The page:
Study Claims More CO2 Absorbed By Plants Than Previously Thought

The National Academy of Sciences has published the research in its journal, Proceedings. Climate and earth scientists from the University of Texas have claimed that between 1901 and 2010, living organisms absorbed 16% more CO2 than previous models assumed.

Study Claims More CO2 Absorbed By Plants Than Previously Thought

CO2 absorption: Why the change?

The researchers say that they have found the reason for which climate models overestimate the increase in carbon levels in the atmosphere. Calculating how much carbon dioxide present in the earth’s atmosphere is essential to predicting the effects of global warming on temperatures, however they admit that their findings will not impact global warming predictions.

It is incredibly difficult to model the impact of CO2 absorption by the oceans and living things. However in this new study, scientists analyzed the diffusion of carbon dioxide in leaves, and concluded that more of the gas is absorbed than previously thought.

Extrapolating this discovery to a global level is incredibly hard, according to Dr Lianhong Gu at Oak Ridge National Laboratory in the US: “There is a time lag between scientists who study fundamental processes and modellers who model those processes in a large scale model. It takes time for the the two groups to understand each other.”

A new model?

The scientific community is optimistic that the research can help to clarify existing models, but do not believe that we will experience any delay in global warming due to increasing levels of carbon dioxide in the atmosphere.

“This new research implies it will be slightly easier to fulfil the target of keeping global warming below two degrees – but with a big emphasis on ‘slightly’,” stated Dr Chris Huntingford, a climate modeller at the UK’s Centre for Ecology and Hydrology.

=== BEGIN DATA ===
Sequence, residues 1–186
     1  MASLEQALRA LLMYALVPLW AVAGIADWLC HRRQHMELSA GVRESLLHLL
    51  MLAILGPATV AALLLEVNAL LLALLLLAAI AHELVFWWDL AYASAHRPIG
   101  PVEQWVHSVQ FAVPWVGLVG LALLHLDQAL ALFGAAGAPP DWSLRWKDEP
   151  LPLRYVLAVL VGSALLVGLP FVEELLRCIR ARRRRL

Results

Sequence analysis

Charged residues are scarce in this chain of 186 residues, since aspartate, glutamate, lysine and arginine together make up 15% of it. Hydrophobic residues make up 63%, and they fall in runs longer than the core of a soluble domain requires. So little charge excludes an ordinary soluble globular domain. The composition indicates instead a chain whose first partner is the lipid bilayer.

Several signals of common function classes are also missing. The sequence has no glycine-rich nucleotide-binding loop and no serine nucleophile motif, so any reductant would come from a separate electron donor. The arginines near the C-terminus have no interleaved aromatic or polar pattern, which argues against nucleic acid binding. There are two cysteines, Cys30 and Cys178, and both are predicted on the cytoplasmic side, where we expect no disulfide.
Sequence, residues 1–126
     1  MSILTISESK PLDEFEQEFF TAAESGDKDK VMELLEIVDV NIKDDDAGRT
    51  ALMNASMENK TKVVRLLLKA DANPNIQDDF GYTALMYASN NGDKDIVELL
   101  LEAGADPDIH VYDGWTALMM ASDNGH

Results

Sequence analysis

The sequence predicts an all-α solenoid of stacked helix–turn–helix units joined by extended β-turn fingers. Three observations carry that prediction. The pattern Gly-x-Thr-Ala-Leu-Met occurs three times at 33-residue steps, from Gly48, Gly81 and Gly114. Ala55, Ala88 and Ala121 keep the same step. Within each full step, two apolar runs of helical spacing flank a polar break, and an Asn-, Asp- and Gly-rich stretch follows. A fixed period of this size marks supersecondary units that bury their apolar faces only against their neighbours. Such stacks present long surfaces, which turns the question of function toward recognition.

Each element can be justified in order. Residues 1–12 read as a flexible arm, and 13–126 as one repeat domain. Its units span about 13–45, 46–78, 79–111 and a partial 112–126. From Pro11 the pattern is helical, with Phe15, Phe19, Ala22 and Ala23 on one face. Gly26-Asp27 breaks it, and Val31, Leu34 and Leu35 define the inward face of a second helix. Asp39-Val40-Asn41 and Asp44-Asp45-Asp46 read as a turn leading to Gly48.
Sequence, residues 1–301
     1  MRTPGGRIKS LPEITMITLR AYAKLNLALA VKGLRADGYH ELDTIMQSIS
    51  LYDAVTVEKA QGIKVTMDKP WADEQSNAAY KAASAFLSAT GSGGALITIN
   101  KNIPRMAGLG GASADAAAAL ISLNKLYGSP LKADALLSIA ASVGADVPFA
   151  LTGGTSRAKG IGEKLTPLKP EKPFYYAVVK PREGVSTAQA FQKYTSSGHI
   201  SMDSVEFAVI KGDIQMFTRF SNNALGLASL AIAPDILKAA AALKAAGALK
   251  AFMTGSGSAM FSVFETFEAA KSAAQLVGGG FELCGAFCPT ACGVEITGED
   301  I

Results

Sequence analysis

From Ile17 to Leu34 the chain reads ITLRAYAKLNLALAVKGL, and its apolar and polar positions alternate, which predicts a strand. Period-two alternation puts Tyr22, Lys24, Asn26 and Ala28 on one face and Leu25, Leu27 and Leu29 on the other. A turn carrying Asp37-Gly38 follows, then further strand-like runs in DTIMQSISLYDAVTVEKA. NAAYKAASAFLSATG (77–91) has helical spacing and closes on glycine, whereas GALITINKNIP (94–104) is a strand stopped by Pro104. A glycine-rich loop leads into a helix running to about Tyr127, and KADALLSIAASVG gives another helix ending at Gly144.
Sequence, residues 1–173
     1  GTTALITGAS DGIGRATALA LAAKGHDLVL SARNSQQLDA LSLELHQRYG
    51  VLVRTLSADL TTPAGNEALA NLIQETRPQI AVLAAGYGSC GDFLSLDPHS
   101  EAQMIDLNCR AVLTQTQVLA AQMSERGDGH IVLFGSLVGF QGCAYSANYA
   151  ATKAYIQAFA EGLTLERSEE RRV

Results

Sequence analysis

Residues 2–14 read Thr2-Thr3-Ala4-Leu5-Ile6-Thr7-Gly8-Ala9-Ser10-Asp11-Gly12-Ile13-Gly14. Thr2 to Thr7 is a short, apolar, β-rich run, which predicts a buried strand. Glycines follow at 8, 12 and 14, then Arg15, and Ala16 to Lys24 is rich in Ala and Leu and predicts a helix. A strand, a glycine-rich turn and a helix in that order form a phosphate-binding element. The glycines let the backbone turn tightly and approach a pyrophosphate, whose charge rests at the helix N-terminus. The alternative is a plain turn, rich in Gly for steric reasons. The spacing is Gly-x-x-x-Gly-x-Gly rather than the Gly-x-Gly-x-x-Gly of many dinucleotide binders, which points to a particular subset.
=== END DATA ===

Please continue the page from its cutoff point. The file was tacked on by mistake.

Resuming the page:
“Overall, the cuts in CO2 emissions over the next few decades will still have to be very large if we want to keep warming below two degrees.”

As interesting as the research may be, it does not negate the need for swift action to prevent atmospheric temperatures from increasing to potentially catastrophic levels.



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Brendan Byrne
While studying economics, Brendan found himself comfortably falling down the rabbit hole of restaurant work, ultimately opening a consulting business and working as a private wine buyer. On a whim, he moved to China, and in his first week following a triumphant pub quiz victory, he found himself bleeding on the floor based on his arrogance. The same man who put him there offered him a job lecturing for the University of Wales in various sister universities throughout the Middle Kingdom. While primarily lecturing in descriptive and comparative statistics, Brendan simultaneously earned an Msc in Banking and International Finance from the University of Wales-Bangor. He's presently doing something he hates, respecting French people. Well, two, his wife and her mother in the lovely town of Antigua, Guatemala. To contact Brendan or give him an exclusive, please contact him at theflask@gmail.com